BofA in $335M Settlement Over Countrywide Loans
Bank of America agreed to pay $335 million to resolve allegations that its Countrywide unit engaged in a widespread pattern of discrimination against qualified African-American and Hispanic borrowers on home loans.
The settlement with the U.S. Justice Department was filed Tuesday with the Central District court of California and is subject to court approval. The DOJ says it's the largest settlement in history over residential fair lending practices.
According to the DOJ's complaint, Countrywide charged over 200,000 African-American and Hispanic borrowers higher fees and interest rates than non-Hispanic white borrowers with a similar credit profile. The complaint says that these borrowers were charged higher fees and rates because of their race or national origin rather than any other objective criteria.
"These institutions should make judgments based on applicants' creditworthiness, not on the color of their skin," said Attorney General Eric Holder. "With today's settlement, the federal government will ensure that the more than 200,000 African-American and Hispanic borrowers who were discriminated against by Countrywide will be entitled to compensation."
Charlotte, N.C.-based Bank of America Corp. bought the nation's largest subprime lender, Countrywide Financial Corp., in 2008.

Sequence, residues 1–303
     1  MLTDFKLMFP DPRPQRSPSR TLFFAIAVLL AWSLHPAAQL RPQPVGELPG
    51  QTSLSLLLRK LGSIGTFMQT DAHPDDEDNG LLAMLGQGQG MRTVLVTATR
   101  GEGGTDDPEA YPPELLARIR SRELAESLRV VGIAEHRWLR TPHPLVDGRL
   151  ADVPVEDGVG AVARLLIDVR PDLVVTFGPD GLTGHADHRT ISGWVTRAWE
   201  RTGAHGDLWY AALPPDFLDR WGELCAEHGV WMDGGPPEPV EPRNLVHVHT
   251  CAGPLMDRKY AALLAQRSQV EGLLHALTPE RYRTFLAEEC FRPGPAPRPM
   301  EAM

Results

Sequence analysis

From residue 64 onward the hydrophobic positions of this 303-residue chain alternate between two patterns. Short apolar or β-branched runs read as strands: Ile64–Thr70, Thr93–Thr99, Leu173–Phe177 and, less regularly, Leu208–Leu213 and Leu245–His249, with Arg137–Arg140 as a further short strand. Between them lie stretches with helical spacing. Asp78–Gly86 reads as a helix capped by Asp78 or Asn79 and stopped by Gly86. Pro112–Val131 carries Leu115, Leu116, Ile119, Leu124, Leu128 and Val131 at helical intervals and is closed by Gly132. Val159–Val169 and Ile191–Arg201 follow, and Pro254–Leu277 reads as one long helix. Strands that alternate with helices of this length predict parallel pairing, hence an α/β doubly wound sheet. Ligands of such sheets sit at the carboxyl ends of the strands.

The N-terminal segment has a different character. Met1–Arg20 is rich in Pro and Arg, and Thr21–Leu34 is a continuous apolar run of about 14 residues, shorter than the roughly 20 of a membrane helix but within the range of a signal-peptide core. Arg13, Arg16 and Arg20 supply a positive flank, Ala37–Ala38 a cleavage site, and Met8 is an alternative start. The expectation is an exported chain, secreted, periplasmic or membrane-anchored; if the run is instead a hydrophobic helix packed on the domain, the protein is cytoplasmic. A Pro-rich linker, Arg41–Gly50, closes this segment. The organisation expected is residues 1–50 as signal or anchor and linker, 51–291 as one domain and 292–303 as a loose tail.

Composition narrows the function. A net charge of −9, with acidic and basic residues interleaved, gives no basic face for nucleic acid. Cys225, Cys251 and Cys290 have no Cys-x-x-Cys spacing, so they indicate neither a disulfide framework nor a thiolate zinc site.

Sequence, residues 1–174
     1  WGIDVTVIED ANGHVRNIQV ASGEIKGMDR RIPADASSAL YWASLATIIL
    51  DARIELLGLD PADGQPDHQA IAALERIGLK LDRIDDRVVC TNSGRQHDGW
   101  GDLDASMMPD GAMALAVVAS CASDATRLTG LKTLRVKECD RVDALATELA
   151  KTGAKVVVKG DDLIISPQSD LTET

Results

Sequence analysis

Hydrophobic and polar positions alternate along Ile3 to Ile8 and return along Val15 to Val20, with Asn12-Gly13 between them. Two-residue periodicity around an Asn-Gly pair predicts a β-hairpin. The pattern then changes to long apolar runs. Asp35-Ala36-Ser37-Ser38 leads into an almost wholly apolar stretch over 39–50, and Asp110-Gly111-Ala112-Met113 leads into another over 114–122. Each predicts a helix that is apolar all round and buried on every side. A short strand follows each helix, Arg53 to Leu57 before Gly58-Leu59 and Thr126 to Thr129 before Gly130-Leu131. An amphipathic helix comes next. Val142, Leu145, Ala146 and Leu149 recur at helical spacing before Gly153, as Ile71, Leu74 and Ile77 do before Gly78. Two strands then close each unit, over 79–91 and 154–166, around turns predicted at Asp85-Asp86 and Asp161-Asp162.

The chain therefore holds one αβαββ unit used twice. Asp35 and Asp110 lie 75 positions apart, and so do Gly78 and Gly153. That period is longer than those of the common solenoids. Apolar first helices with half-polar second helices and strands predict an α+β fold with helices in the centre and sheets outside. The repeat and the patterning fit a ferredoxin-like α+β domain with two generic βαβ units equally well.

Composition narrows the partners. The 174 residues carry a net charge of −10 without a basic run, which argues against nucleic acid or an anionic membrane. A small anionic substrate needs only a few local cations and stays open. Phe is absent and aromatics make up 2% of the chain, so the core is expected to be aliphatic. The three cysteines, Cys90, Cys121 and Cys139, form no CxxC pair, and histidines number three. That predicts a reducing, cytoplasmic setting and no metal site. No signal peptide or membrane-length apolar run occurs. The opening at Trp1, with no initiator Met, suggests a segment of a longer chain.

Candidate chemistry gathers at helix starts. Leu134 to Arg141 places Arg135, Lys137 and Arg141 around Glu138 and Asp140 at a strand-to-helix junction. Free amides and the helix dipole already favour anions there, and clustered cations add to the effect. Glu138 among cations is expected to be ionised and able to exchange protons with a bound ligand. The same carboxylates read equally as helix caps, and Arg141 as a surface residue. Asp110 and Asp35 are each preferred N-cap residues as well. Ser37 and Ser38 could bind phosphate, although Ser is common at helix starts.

Dan Frahm, a Bank of America spokesman, said in a statement that the bank does not practice lending based on race.
"We discontinued Countrywide products and practices that were not in keeping with our commitment and will continue to resolve and put behind us the remaining Countrywide issues," Frahm said.
The United States' complaint says that Countrywide was aware that the fees and interest rates that its loan officers were charging discriminated against African-American and Hispanic borrowers, but failed to impose meaningful limits or guidelines to stop it.
By steering borrowers into subprime loans from 2004 to 2007, the complaint alleges, Countrywide harmed those qualified African-American and Hispanic borrowers. Subprime loans generally carried costlier terms, such as prepayment penalties and significantly higher adjustable interest rates that increased suddenly after two or three years, making the payments unaffordable and leaving the borrowers at a much higher risk of foreclosure.
"Countrywide's actions contributed to the housing crisis, hurt entire communities, and denied families access to the American dream," said Thomas E. Perez, Assistant Attorney General for the Civil Rights Division.
The settlement amount will be used to compensate victims of Countrywide's discriminatory mortgage loans from 2004 through 2007, when Countrywide originated millions of residential mortgage loans as the nation's largest single-family mortgage lenders.
Gogoi reported from New York, Pickler from Washington